Congratulations to Zachary Wong for submitting this winning entry to the Day in the Life of a Global Intern contest. He participated in the 2017 CIEE Summer Global Internship program in Toronto.
As I walk out the doors of Innis Residence for another day of work, I'm greeted by blue skies and balmy weather. It's another beautiful day, one in a long string of beautiful days, and everything around me almost glows in response. I come from a dry, arid land, southern California, and so it's been easy to fall in love with the weather here in Toronto.
I take a second to soak it all in - the soft harmonies of blue jays, the faint whir of passing cars, the gentle rustle of the greenest leaves I have ever seen, the cheerful laughter of tourists and students – and with the blend of nature and the city as my soundtrack I turn and start my short walk to work. It's about a fifteen-minute jaunt down an enchanting little sidewalk, tucked in among the college buildings and sheltered by a diverse array of flora.
At around 9:30, I finally arrive there, a basement lab at the University of Toronto. I've been given the opportunity to learn from some of the brightest students that I've ever encountered, Ph.D. candidates in the field of microfluidics. My own work is a mix of research and experimentation, with enough new material to constantly keep me busy and enough questions to keep me curious and passionate. The summer brings a whole host of academics from all over the world, and if you spend enough time in the halls you'll see them bustling here and there with confidant, purposeful strides. It's an amazing environment, and one where I do my best work, surrounded by professionals with practical advice to give and an incredible work ethic to emulate.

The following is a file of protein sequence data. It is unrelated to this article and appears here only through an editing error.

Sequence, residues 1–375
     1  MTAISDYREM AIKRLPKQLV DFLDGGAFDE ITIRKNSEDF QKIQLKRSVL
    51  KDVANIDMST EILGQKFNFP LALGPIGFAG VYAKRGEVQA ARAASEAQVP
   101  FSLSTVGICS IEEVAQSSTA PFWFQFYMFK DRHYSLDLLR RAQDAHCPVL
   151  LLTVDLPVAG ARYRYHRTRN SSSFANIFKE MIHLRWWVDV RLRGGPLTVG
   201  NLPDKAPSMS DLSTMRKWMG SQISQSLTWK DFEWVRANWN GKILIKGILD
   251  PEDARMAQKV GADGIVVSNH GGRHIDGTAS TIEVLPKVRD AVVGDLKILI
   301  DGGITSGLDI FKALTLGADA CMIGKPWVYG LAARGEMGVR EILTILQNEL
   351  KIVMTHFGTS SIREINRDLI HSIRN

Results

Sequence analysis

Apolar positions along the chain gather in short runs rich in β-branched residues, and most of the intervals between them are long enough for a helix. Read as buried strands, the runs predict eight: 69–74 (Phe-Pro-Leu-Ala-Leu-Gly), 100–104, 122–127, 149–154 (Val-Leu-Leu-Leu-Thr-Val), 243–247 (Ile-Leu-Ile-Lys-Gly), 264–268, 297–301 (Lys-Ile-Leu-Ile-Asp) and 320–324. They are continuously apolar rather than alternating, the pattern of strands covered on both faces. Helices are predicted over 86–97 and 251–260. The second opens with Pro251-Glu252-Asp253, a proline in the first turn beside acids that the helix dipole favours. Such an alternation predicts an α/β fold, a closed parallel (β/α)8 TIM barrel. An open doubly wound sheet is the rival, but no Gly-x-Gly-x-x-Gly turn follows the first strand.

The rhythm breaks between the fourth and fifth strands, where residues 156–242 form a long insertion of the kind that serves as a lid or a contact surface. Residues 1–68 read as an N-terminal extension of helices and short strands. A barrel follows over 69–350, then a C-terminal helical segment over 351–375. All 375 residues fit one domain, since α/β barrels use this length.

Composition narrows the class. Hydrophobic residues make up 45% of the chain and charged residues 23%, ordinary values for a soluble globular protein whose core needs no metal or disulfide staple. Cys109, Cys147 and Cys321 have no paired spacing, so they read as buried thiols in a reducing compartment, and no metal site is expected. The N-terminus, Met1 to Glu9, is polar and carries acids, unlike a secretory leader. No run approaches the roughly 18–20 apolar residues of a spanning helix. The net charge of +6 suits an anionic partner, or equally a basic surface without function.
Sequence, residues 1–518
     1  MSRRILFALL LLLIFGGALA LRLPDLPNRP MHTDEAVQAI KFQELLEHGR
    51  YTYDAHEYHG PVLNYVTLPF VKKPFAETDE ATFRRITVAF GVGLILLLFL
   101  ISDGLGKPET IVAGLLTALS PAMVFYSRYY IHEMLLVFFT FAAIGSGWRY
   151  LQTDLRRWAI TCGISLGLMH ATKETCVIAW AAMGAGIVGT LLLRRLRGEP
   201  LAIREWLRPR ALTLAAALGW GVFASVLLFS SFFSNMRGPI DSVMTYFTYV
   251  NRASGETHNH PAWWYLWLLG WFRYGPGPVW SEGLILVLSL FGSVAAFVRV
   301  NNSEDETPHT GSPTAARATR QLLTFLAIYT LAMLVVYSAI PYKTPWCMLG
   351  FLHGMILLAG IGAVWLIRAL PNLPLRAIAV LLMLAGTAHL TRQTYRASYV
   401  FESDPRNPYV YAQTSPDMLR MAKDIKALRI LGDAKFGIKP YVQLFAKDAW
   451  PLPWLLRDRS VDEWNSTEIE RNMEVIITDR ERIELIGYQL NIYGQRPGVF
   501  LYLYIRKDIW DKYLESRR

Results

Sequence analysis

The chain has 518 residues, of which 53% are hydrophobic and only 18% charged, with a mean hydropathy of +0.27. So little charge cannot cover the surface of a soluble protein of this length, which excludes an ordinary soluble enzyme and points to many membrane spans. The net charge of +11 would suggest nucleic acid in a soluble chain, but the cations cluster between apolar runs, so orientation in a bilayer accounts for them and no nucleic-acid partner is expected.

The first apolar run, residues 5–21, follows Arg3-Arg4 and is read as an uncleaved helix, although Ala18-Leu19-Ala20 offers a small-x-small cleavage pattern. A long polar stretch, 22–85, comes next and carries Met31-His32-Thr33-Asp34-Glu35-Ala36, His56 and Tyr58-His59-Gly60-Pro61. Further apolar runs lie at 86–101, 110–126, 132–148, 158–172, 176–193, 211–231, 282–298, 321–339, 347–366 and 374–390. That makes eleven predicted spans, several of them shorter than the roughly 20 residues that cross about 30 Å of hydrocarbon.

I leave work at around 5:30, with more than enough time to go and explore the city. Each day I try to take a slightly different route back to the residence, and I'm never disappointed. The city has tons of touristy places to visit, but I personally enjoy walking through the quaint neighborhoods, where people of all cultures have blended their Canadian identity with their origins, representing both in small details from flags to murals. Today, however, I cut a path straight through the heart of campus. With a menagerie of architectural styles and hidden gardens, the UofT campus like a microcosm for the city itself - vibrantly unique with prominent influences from all over the world.
Almost home, I stop for dinner at one of the many food trucks located around the city and contemplate visiting one of the two museums located just down the street from the residence. It's been a long day, so I eventually decide not to. As I settle back down in the comfort of my room, I'm incredibly grateful that I took this opportunity to study abroad. Traveling has allowed me learn so much; from the endless experiences to the incredible conversations, a new world with new perspectives has beautifully unfolded before my eyes. It's not something I could've imagined myself doing just a few years ago, but it's something that will stay with me for many years to come.